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Airlines Race Toward Next Digital Transformation

By | April 1, 2019
Lufthansa Boeing 747

A Boeing 747-8 Photo: Boeing

Airlines must move faster in the digital world if they are to be successful, according to speakers at the Passenger Experience Conference in Hamburg. The success of airlines is critical for satellite operators and service providers, given how many hope that selling bandwidth for connected transportation will be a driver for future revenue growth. Christian Langer, Chief Digital Officer (CDO), Lufthansa Group says the airline industry can learn a lot from the automotive sector when it comes to innovation.

“Today, our industry has a unique position of fixing people to a seat for 10 hours,” said Langer. “The car industry will be similar in the future. The innovation cycle of the automotive industry is much, much quicker. Our customers will compare experiences from the car. We have to speed up innovation cycles.”

Langer pointed out that $47 billion in venture capital was invested in the aerospace industry last year, significantly higher than in previous years. These start-ups could be key in driving a more progressive future for airlines. Langer admits Lufthansa can learn from these companies. “We try to keep up the pace. How can we speed up internal processes to keep speed with a start-up? Speed is the thing we have to learn as a traditional company.”

Lufthansa recently announced that it had have entered into a research alliance with Hopper focused on the subject of Artificial Intelligence (AI). The German airline has made three technology-related investments within a year, following investments in the startups Fleet Logistics and Cargo.one. Hopper operates one an innovative travel booking app. By leveraging powerful machine learning and AI, Hopper’s proprietary technology accurately predicts flight and hotel prices and offers its users personalized recommendations at the optimal booking time, as well as alternative travel offers.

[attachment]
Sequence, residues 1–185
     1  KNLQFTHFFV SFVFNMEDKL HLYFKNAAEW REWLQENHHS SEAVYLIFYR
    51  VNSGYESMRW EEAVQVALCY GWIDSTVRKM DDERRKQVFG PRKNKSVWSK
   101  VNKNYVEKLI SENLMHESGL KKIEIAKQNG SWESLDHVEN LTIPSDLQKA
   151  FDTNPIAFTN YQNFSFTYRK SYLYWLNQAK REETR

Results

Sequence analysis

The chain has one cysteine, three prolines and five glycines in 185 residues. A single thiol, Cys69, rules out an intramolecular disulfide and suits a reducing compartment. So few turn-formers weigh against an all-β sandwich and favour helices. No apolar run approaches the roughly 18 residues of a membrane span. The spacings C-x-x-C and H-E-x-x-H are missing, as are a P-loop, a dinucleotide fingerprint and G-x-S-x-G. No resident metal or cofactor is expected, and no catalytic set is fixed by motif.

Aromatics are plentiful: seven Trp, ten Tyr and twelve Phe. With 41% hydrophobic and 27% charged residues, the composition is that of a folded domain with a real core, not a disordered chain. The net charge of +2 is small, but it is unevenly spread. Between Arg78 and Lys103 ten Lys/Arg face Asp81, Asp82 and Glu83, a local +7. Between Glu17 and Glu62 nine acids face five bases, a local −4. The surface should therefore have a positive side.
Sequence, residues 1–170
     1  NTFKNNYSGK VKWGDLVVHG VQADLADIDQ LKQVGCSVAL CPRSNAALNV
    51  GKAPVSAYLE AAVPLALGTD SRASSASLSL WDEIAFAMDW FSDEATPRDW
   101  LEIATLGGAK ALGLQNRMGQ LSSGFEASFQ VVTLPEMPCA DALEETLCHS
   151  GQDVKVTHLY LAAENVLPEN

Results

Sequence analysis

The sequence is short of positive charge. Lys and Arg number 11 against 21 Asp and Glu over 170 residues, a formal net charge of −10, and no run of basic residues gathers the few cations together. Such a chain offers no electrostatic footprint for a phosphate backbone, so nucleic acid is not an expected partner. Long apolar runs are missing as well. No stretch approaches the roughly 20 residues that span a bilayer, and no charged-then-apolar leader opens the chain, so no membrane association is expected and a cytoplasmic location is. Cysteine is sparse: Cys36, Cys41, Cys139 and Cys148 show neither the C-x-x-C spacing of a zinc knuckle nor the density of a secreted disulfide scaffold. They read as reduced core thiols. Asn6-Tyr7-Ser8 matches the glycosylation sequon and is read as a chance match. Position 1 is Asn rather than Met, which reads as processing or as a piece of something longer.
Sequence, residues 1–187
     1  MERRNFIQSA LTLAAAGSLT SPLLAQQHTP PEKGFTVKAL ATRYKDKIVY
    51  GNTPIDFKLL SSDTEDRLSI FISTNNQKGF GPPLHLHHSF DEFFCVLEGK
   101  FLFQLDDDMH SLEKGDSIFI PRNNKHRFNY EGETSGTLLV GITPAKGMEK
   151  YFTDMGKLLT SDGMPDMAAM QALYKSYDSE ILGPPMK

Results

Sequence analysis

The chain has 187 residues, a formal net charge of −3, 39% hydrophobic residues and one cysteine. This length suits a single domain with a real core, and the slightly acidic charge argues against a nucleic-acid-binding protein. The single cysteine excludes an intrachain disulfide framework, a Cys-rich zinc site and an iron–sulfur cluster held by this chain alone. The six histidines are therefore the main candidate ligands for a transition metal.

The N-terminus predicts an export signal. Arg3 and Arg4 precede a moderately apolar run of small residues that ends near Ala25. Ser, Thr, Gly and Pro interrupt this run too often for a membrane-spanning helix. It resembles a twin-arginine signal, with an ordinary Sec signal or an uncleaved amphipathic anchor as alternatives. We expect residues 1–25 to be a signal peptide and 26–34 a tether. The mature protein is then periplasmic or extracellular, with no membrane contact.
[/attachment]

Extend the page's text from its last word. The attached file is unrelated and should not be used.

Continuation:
Langer also spoke about how airlines may have to change loyalty programs, as young people may no longer be interested in collecting miles and points in the same way. He spoke of things like carsharing, scooter rental perhaps having a broader appeal to young travellers.

Johanna A Bergi, Chief Executive Officer (CEO) of Atlantic Airways, an airline that serves the residents of the Faroe Islands and flies to 10 different countries, said that his company is working to provide connectivity services via Iridium’s Low Earth Orbit (LEO) constellation. It is working with AirFi, a provider of flexible In-Flight Entertainment (IFE systems to provide these connectivity services. It is one of the first airlines to go down this route. “We were a launch customer for AirFi LEO. Technology is helping us. We are cherry picking the best technology. We want everyone to have the same experience,” said Bergi.

Airlines are placing more pressure on manufacturers such as Boeing and Airbus to come up with the aircraft of the future that power new layers of connectivity services. Anais Marzo da Costa, head of aircraft interiors marketing, Airbus said there is a “mobile revolution” taking place with the number of smartphone users set to double from three to six billion over the next few years. In terms of connected aircraft, growth will also be pretty pronounced going from 7,300 aircraft connected in 2017, to over 23,000 by 2025. This would clearly have huge implications for the satellite industry if we were to see this level of growth in the number of connected aircraft.

“Things are moving quite fast. Smartphones are the number one travellers companion,” said Da Costa. “There are more multiscreen environments. We are in a transition phase. Already 57 airlines were offering wireless IFE streaming in 2018. Airlines are developing personalized offers by mobile connectivity, data analytics. According to research, 27 percent of passengers would be happy to share personal data, if it leads to a better customer experience.”

There are some grey areas when it comes to deciding whether airlines or the customers themselves own consumer data. This issue will become more prevalent as airlines become more and more connected. However, it seems the over-riding message is that airlines are going to move with more speed in terms of their digital strategies and undoubtedly consume more bandwidth to enable its customer experience strategies.